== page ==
Still, I drove around the parking lot that way–left foot stop, right foot go. It an unpleasant experience all around. Jerky and stressful and confusing for us both. Being that my feet were largely hidden in the wheel well, I continued with this approach, even after being told otherwise. Not only did two pedals and two feet seem like it should be a given, the stop-go-stop-go technique felt like the safer option to me.

Eventually, I enrolled in driver’s ed and learned the right way to get around. But it took me a while to shed that instinct to tap the brake at the littlest flicker of concern. Now I could retrace the last 30-plus years of my life and probably point out hundreds of instances of me tapping the metaphorical brakes. Or I could just fast-forward to the latest and most relevant one: moving forward in my personal life.

I’m all for minding the signs and paying attention to the signals–literally and metaphorically. But I can feel that old instinct to hover my foot over the brake, to insert little halts when unnecessary, creeping in–just as life starts to get a little more unexpected. A little more interesting. Riding the brake is a fear-based action. Sure, it may seem wise at first, but it’s no way to smoothly move forward.

There’s a time and a place for caution and there’s a time and a place for letting go of the restraints. I’ve decided to let go of the restraints.

In the days following my breakup, I replaced the family photo on my desk at work with this quote:

“Step into uncertainty–today and a little bit every day. That is how an epic life is lived.”

At first these words served a bit of a fake-it-’til-you-make-it purpose. But after a few weeks of reading and rereading these words, I believed them. I embodied them. I began to welcome the mystery that lay ahead. And now–that feeling of being smack-dab in the middle of a Choose Your Own Adventure book is the most alive I’ve felt in a long, long time.

I haven’t a clue what next turn of the page has in store for me, but I can tell you it’s an exhilarating way to be living my life right now. It reminds me of the long, winding road that led to my old neighborhood back where I lived in those early days of driving. It dipped and curved endlessly and erratically, like the scalloped edges of Valentine made by a child. Once I became comfortable behind the wheel, there was nothing I loved more than touring all of that road’s curves, never really knowing what lay around the next bend but trusting myself to handle it all with grace. Without obsessing over the brake.

In a moment today when my head and my heart were having a bit of a private debate over the brake metaphor, I came across this piece on the HBR blog: How to Have a Year That Counts. Its simple, elegant reminders to (1) start with your dreams, (2) walk toward the fire, (3) venture beyond certainty, and (4) let life happen were all the confirmation I needed that yes, it is time to get out of my head and experience life outside of my comfort zone. It’s time to take my foot off the brake. That’s where my story will start to get interesting . . .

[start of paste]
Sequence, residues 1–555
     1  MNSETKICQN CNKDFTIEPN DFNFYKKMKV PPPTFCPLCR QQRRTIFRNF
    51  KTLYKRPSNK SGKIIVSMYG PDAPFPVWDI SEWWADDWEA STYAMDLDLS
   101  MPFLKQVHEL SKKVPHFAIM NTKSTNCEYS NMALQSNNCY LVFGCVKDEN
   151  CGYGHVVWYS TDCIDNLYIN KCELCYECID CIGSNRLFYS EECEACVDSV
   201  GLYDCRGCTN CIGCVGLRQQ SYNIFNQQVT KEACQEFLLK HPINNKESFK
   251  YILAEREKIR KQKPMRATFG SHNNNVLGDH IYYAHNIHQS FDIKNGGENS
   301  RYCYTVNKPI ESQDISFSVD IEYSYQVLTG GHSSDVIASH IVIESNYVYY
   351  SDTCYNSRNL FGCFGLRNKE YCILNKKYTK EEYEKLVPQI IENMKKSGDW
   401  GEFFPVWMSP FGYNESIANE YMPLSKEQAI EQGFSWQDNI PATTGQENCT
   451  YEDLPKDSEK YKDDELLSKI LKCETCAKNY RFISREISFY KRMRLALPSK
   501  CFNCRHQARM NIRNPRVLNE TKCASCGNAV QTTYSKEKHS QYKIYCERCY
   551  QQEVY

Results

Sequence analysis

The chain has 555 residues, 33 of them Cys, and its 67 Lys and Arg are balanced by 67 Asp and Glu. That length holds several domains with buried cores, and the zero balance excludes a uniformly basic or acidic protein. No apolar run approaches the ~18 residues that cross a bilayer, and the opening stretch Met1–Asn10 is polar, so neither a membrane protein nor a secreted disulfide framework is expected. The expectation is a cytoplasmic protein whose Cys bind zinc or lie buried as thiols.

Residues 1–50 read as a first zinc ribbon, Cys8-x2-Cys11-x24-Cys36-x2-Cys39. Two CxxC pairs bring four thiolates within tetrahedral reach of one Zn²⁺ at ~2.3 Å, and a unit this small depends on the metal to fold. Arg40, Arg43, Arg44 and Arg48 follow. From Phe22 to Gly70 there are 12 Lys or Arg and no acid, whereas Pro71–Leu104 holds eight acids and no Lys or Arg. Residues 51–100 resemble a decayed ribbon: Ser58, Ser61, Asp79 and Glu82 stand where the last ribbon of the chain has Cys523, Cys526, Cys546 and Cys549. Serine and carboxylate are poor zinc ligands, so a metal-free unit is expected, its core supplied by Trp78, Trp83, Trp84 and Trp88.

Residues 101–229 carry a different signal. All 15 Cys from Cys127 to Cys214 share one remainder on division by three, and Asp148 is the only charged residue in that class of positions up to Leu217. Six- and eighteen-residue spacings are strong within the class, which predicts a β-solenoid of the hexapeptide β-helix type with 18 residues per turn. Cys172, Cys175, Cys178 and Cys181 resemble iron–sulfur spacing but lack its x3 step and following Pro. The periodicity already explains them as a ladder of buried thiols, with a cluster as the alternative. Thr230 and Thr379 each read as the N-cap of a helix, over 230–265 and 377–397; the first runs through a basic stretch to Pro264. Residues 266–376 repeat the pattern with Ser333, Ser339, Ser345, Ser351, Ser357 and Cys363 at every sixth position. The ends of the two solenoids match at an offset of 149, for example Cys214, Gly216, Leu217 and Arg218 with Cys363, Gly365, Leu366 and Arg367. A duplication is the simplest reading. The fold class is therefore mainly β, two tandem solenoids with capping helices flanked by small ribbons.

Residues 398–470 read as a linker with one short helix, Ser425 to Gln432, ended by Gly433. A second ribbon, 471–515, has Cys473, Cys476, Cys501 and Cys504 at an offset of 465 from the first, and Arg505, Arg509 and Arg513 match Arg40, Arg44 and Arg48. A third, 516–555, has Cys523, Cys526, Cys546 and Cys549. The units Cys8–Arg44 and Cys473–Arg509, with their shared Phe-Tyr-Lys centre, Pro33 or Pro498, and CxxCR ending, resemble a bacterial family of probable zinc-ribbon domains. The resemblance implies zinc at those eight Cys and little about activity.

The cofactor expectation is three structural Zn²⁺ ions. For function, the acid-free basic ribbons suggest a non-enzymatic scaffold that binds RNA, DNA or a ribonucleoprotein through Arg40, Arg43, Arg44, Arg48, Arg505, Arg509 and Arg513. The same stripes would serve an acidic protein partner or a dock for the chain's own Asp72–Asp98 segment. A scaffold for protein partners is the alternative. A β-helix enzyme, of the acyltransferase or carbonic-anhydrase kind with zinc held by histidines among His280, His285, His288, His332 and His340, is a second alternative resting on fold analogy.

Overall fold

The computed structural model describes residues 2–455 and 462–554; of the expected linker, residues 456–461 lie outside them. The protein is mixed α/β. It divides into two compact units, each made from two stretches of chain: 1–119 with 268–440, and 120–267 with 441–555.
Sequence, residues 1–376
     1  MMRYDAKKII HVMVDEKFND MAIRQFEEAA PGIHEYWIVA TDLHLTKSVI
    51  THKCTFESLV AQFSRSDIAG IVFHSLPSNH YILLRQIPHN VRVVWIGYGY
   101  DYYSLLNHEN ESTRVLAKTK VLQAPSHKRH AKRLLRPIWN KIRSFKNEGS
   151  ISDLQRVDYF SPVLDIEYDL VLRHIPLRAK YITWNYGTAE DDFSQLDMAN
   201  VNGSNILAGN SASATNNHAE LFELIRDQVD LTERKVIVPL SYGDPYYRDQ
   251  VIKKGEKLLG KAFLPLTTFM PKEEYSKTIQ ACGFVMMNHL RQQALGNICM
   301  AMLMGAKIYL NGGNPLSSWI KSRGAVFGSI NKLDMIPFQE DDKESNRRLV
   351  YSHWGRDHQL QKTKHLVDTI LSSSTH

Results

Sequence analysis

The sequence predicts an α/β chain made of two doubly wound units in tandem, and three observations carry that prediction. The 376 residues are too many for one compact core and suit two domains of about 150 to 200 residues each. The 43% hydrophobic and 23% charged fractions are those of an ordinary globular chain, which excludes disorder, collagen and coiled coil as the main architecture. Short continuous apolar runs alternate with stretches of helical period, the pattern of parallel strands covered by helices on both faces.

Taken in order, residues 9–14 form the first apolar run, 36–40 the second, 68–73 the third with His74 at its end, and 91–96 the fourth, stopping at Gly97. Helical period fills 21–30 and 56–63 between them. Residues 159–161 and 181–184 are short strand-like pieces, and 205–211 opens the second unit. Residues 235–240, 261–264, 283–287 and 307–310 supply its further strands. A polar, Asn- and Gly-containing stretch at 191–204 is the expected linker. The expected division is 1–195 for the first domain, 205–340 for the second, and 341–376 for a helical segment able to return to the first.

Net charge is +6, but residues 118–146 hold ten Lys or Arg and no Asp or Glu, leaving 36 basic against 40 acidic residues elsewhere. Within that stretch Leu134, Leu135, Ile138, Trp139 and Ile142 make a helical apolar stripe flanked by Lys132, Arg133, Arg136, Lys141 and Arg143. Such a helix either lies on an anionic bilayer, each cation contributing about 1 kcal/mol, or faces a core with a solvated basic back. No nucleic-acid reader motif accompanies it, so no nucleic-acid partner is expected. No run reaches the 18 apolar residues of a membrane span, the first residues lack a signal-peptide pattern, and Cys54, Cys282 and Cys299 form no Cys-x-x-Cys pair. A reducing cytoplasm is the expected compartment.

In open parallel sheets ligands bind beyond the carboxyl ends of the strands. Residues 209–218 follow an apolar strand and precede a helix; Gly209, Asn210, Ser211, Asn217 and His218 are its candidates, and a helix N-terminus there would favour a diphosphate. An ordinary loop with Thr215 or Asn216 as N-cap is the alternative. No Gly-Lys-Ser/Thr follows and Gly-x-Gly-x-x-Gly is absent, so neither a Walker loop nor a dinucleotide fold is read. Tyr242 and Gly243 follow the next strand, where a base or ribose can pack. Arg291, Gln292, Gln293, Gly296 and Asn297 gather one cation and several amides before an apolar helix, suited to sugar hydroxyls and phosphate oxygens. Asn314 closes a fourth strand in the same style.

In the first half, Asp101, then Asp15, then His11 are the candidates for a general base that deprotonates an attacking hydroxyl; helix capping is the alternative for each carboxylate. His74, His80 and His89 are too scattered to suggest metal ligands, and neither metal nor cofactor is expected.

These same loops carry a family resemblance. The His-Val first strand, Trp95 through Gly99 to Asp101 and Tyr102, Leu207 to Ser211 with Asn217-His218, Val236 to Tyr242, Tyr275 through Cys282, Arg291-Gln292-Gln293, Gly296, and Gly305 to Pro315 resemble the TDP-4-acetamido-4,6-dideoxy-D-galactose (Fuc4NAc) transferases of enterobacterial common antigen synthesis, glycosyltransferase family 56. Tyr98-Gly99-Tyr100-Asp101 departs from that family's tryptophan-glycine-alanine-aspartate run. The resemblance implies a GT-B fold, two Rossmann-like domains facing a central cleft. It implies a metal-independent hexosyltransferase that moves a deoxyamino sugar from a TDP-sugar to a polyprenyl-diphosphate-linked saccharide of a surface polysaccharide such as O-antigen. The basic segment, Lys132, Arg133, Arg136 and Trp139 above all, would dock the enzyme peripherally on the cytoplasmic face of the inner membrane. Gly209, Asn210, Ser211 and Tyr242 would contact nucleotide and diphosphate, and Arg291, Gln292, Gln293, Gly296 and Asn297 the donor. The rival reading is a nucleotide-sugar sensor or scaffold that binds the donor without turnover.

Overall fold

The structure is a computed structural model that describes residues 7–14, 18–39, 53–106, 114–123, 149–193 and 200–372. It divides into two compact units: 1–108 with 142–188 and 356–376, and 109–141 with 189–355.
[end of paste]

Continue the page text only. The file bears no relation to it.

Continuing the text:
Soundtrack: “Shine” by Alexi Murdoch


Strength in Kindness

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In packing for my move, I came across an old one-subject spiral notebook from high school. It was hot pink and tattered–a hodgepodge of dramatic and overly adverb-y short stories and sappy love poetry, all written between the ages of 14 and 16. Quality stuff, I assure you. But toward the back of the notebook was this list of goals that I wrote for myself the day before entering my senior year:

1991 goalsIn two separate instances, I told myself to (a) be a nicer person and (b) be friendlier. After coming across this gem of a list, I posted it on Facebook, which was met with a whole slew of “I remember you being very nice” responses. And I believe I was nice. Very nice. So, what gives?

My 39 year-old self chewed on these judgmental words from a 17 year-old for a bit. Knowing how quiet and shy I was, I think perhaps what I was trying to say was “be more outgoing.” I think “be a nicer person” was my way of expressing a desire to be more popular. More well liked. But, but . . . again thinking back to those days, I was well liked. Just not by myself. And therein lies the truth: I needed to be nicer to myself. And no rigid list of goals was–or is–going to make that happen. Just compassion. Just kindness. Just acceptance that who I am is wonderful and enough. As is.

Like those instructions from the flight attendant about fastening your own oxygen mask before helping others, sometimes you simply have to put yourself first. And that’s okay. Wise even. Human nature has us wanting to help others. To do things to make them happy. To do things that make them feel liked and loved, safe and secure. But I don’t think it’s possible to selflessly give your companionship to another person if you aren’t able to love yourself first. Otherwise, that companionship is a sneaky bartering tool. I gave you this . . . so you should give me that. (Insert hurt feelings here.)

I’ve been making lists for my entire adult life–some functional (return mirror, pay parking ticket, refill prescription, bake muffins), some more emotional. In fact, earlier this year, I did some work with a life coach and one of the goals I had set for myself was to “be more loving.” Again, if I can do something for another person, I think it will make me happier. And it may–for a minute. A day. A year. But then what? There’s always more to “do”–but what if, for once and for all, I decided to just “be more loving” toward myself?

“Don’t look for love in faces, places

It’s in you, that’s where you’ll find kindness.”

Soundtrack: “Be Here Now” by Ray Lamontagne